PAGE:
6. Hire people who actually know stuff!
Nigel Sarbutts, founder of agency The PR Cavalry: “I’m white, middle class, straight. What do I know about prejudices that pervade society? Not enough; but trust me, ageism cuts deep.
“I want to focus on its commercial stupidity. We fetishise youth in PR whilst endlessly complaining about a war for talent. We ask people in their 20s to devise campaigns that will resonate with people in their 30s and beyond. In my 20s I had no idea how it felt to be a parent or have parents depending on me. By guessing how that feels rather than being authentic, the industry fails its customers. But I know exactly how it feels to be 20 or 25. I’m a native of all the ages, not an immigrant.
“If you want to address the war for talent and do better work, stop insulting thousands of talented people. Hire them for their insights instead.”
7. Value diversity
Lucy Scaramanga, senior communications consultant at PR agency Hard Numbers: “That's fire, slay, lit. Yes, I'm trying to be a Gen Z. But why? As we've seen in recent research from GWPR, ageism is rife both in the PR industry and, let's be honest, further afield. Whilst the CIPR reported a median age of 38 in its State of the Profession research many agencies average younger. Agencies are by nature full-on; you're juggling multiple clients all of which are your number one priority. It's exciting. And crucially it's not just for the young. Let's be real, those who've got the greatest experience in juggling life - children, elderly parents, house moves et cetera - are well set up for this job. So how can we fix this - it's about a mindset change. We need to value diversity and we need to value experience. People with different backgrounds, ethnicities, and ages bring different viewpoints which ultimately brings great opportunity to learn from each other.”
8. Eradicate sexist attitudes
Guy Clapperton, founder and lead trainer at media training agency Clapperton: “I’m 57 and ageism really hasn’t hit me as a trainer. It’s possible that a number of people think a trainer needs experience, which is reasonable; I’m concerned there’s a deeper cause, though, and it’s an undercurrent of sexism. Men are allowed to get middle-aged, we even get called “distinguished” when all that’s happening is the natural ageing process. Women, meanwhile, feel pressurised into dyeing their hair to look younger (some people think it never quite works on men; that’s mostly because we’re not as accustomed to it - although I think I look a lot better thanks to whoever invented moisturiser).
“This is actually a much deeper problem than the PR can handle by itself - in my experience there are a lot of middle-aged women in it, and it benefits from their experience. We could probably do a better job of getting the word out there.”
9. Look at HR policies
Sandy Downs, account director and head of DE&I at PR agency Teamspirit:“Age is an often overlooked protected characteristic. The PR industry has come on leaps and bounds when it comes to female empowerment; though women still face plenty of barriers, the landscape is significantly better than it was 20 years ago. But the intersectionality of age and gender brings with it a whole host of additional issues; health considerations like menopause, the so called ‘sandwich generation’ of people who care for both children and parents, the compounded impact of the pay gap, and even explicit discrimination when it comes to recruitment, retention, and progression.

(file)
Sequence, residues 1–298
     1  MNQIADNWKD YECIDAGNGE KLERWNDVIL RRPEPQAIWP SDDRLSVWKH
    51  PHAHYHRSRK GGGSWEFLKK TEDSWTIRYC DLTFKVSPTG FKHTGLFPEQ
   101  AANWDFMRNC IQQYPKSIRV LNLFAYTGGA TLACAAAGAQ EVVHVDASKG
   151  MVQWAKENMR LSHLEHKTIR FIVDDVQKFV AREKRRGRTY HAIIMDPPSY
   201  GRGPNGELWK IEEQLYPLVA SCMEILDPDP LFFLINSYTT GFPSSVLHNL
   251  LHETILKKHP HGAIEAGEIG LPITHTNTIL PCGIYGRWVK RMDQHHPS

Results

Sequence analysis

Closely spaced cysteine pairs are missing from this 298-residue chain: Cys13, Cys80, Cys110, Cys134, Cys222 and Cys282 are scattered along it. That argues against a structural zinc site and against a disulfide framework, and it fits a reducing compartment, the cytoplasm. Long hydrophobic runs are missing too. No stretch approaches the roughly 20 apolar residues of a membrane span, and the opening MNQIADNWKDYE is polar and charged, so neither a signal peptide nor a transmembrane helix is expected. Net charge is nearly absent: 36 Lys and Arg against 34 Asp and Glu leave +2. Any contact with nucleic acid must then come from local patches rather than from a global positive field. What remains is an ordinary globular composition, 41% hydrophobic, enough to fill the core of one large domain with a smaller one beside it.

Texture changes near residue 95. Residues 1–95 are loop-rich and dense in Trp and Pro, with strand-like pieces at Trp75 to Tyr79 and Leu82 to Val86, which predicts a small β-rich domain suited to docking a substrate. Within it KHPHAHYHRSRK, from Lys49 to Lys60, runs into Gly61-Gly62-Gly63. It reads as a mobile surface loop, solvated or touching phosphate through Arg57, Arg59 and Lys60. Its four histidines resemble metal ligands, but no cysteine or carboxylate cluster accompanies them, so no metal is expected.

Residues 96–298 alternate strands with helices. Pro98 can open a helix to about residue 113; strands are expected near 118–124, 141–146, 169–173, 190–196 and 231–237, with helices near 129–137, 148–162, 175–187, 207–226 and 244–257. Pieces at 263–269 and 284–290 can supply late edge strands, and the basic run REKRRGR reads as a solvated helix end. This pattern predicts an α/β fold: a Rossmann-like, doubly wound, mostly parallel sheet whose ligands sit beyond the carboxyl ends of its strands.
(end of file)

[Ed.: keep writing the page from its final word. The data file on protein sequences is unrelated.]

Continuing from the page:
“Agencies looking to create an inclusive work environment need to consider age as a standalone strategic pillar. That includes HR policies like flexible and remote working, and metric tracking progression and retention. But it also needs to include a wider conversation about age-specific microaggressions, the work we produce (no more grey and sad retirement adverts!), and bespoke training to ensure older workers are able to up-skill just as much as those at early career.”
10. Pay more and cut hours
Ian Hood, CEO of agency Babel PR: “I’m not actually sure that its ageism in itself that’s the problem, but the economic model of some of the large multi-sector agencies. In smaller, specialist agencies like ours, where we rely more heavily on team experience and knowledge, we have a large proportion of mature staff from ancient fossils like me, to a number of women who have returned to us after maternity leave and others who have worked with us continually for ten years or more.
“Unfortunately, PR is littered with agencies that operate on a model requiring staff working long, anti-social hours, on relatively low salaries (we all know who they are). That effectively excludes those whose expertise, experience justify much higher salaries and whose responsibilities and commitments demand it.
Until that model is consigned to the scrap heap, the age profile across the industry isn’t going to change substantially. Of course that has implications for client budgets but the old adage is true, you pays your money and you takes your choice.”
Being of a certain age (and proud of it), this is a subject that is close to my heart. Next week, the subject of ageism comes up again as we look at influencer marketing campaigns targeted at the over 50s.